Tuesday, August 27, 2013

Difference between Good and Bad QR Skewers

The quick release skewer is an often overlooked component on a bike. Despite looking small and flimsy, it plays an important role on the bike: Holding the wheels in place! Without a quick release skewer, the wheel would pop out whenever you go over a bump. Contrary to popular belief, the QR skewer does not bear weight on its axle. Rather, the load is borne by the ends of the hub, and the QR skewer merely clamps everything in place.

Of course, QR skewers did not always exist. Before it was invented by Mr. Campagnolo in the 1930's, cyclists have to loosen axle nuts before they could remove the wheel from the frame, which is comparatively more troublesome. Nowadays, QR skewers are found on most mid to high end bikes, with only the most basic entry level bikes still using traditional nutted axles for the wheels.

However, not all QR skewers are made the same! There are 2 main types of QR skewers: The internal cam type and the external cam type. From the pictures below, you can see the difference.

Dura-Ace QR skewer with an internal cam mechanism

QR skewer with an external cam mechanism

The most common type of QR skewers that we see nowadays are the external type. It is usually lighter in weight, and easier to manufacture. This makes it cheaper too. However, compared to the internal type with all metal parts, it does not have such a strong clamping force, and the performance is also poorer due to inferior parts being used (further elaborated below).

For normal usage, either type of QR skewer will work fine. However, if you want to know more about the difference between good and bad QR skewers, read on!

Let us take a look at the external cam type of QR skewers, as it is more common and the mechanism can be seen easily. Look at the two pictures below. They are both external cam type QR skewers, and they also look similar, but there is actually a crucial difference.

QR skewers that come with the Wheelsport wheelset

 New QR skewers from TAT

Did you spot the difference? If yes, good for you. You can tell the difference between a well designed QR skewer and a normal QR skewer. If not, read on to find out!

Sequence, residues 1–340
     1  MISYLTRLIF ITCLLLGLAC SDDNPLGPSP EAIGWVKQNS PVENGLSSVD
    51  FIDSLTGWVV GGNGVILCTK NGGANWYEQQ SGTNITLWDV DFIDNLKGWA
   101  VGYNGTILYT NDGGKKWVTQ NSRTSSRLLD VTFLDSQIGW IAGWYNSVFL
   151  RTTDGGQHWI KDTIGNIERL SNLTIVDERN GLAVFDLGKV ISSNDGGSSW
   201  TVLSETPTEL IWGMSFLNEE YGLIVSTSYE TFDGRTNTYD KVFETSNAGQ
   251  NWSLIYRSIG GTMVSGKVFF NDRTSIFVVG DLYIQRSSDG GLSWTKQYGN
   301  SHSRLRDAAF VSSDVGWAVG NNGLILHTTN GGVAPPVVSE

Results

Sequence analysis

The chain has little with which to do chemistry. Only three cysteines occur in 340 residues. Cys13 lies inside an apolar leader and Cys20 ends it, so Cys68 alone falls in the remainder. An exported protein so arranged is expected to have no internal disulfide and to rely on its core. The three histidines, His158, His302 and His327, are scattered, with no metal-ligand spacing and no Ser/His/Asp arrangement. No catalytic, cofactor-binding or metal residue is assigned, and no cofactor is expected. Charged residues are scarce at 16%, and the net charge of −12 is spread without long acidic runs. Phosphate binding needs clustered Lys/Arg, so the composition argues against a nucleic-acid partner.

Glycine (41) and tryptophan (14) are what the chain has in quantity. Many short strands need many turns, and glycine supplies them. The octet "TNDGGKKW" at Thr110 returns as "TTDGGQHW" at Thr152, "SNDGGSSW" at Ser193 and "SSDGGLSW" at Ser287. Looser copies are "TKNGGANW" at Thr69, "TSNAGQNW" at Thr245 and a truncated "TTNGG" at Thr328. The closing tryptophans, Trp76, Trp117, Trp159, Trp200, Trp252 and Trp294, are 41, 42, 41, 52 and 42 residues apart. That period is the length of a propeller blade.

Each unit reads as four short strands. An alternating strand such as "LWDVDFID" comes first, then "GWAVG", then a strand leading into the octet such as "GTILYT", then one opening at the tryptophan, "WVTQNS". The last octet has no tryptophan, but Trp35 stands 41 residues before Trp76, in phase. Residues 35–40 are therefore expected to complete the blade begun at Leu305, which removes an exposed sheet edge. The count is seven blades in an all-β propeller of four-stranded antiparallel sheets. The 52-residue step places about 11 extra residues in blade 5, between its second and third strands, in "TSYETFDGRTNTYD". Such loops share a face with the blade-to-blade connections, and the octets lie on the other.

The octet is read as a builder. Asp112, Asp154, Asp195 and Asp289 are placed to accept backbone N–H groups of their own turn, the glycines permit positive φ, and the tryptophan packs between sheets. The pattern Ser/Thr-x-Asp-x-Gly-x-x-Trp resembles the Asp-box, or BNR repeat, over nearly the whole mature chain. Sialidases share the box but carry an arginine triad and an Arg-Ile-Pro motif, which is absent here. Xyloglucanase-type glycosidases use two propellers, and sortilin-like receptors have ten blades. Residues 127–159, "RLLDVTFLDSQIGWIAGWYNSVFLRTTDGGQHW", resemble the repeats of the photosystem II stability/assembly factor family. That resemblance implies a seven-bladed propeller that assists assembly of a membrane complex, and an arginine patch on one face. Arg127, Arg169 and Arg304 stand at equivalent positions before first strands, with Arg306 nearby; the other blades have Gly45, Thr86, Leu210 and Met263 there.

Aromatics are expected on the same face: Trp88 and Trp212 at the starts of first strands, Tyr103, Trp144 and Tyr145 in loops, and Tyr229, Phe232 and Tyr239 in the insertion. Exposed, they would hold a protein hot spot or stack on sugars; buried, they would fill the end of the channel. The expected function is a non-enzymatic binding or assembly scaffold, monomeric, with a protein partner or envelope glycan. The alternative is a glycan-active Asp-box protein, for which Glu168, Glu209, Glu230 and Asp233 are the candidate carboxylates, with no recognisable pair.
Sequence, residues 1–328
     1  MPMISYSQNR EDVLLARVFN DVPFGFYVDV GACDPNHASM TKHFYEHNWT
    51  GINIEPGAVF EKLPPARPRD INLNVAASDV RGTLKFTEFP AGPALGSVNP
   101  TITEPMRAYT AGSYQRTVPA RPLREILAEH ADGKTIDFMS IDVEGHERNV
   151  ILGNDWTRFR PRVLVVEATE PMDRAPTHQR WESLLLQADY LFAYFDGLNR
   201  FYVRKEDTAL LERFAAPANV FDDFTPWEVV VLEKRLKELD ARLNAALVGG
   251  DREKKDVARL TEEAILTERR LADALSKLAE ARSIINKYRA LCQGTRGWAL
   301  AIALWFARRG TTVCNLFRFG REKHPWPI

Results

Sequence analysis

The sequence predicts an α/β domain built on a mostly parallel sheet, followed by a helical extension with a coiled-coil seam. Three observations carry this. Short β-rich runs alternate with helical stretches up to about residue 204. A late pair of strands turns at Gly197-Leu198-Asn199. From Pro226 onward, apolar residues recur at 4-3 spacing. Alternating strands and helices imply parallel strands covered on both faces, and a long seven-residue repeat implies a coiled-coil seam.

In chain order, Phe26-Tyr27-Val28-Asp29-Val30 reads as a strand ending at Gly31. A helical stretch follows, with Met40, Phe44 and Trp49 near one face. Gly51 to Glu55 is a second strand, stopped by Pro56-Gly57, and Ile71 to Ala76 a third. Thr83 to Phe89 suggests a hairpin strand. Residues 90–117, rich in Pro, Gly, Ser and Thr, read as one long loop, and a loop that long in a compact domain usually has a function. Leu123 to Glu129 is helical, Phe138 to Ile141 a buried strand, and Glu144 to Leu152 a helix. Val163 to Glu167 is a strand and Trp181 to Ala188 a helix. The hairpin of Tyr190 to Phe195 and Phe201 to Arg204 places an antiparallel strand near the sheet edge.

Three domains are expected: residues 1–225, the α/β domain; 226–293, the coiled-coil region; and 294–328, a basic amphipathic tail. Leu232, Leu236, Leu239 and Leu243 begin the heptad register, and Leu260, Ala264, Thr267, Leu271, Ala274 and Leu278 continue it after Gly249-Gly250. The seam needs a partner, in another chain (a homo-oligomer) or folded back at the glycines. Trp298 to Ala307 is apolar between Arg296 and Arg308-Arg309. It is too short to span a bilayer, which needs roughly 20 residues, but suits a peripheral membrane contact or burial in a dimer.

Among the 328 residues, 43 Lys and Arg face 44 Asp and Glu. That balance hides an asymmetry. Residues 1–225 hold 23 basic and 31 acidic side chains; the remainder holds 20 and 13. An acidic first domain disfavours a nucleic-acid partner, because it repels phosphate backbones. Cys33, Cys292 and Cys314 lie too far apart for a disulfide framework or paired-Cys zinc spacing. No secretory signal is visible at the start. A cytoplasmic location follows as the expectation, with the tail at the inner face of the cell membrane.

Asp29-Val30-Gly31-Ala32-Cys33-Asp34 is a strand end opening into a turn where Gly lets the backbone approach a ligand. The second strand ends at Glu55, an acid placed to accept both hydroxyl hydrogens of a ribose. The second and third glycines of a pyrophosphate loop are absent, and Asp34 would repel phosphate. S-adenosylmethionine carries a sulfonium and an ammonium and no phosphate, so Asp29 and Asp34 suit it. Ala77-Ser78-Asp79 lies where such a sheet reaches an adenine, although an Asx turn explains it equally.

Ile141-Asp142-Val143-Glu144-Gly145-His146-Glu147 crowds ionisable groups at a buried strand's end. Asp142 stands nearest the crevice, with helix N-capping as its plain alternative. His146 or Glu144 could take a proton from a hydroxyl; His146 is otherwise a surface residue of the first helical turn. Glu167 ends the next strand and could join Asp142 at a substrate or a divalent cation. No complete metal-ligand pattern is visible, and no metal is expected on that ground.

Look at the concave shaped washer under the lever cam. On most (90%) QR skewers, this piece is made of hard rubber or plastic (1st picture). When the lever is closed, the rubber compresses and some of the clamping force is lost. This is why you get a mushy feeling when you use this type of QR skewer. What you are feeling is the concave rubber washer compressing under load. Although it will still work, you will need to apply a higher force at the lever to close the QR skewer properly, as some of the force is used to compress the soft rubber washer instead of clamping the hub tightly.

On the other hand, look at the concave washer on the QR skewer in the 2nd picture. It is a solid metal washer made of brass. When closing the lever, the brass washer reduces the amount of friction in the cam mechanism (compared to the rubber washer), and it gives a nice, solid locking action. The brass washer does not compress and the clamping force is fully utilized to secure the wheel. Not only does the locking action feel smoother, the clamping force is easily achieved with less effort.

Another difference is the material used to make the QR skewer. This also indirectly affects the weight of the QR skewer.

QR skewers from the Wheelsport wheelset. All the pivots and axle are made of normal steel, with aluminium levers.

 TAT Alloy/Titanium QR skewers. Titanium pivots and axle, aluminium levers and nut.


The titanium QR skewer is a good 40 grams lighter than the normal steel QR. This is despite it using a heavier brass washer. Another important feature is that because there is no steel used (besides the spring), it does not rust! Compare this to another QR skewer that has some rust on the exposed steel pivot.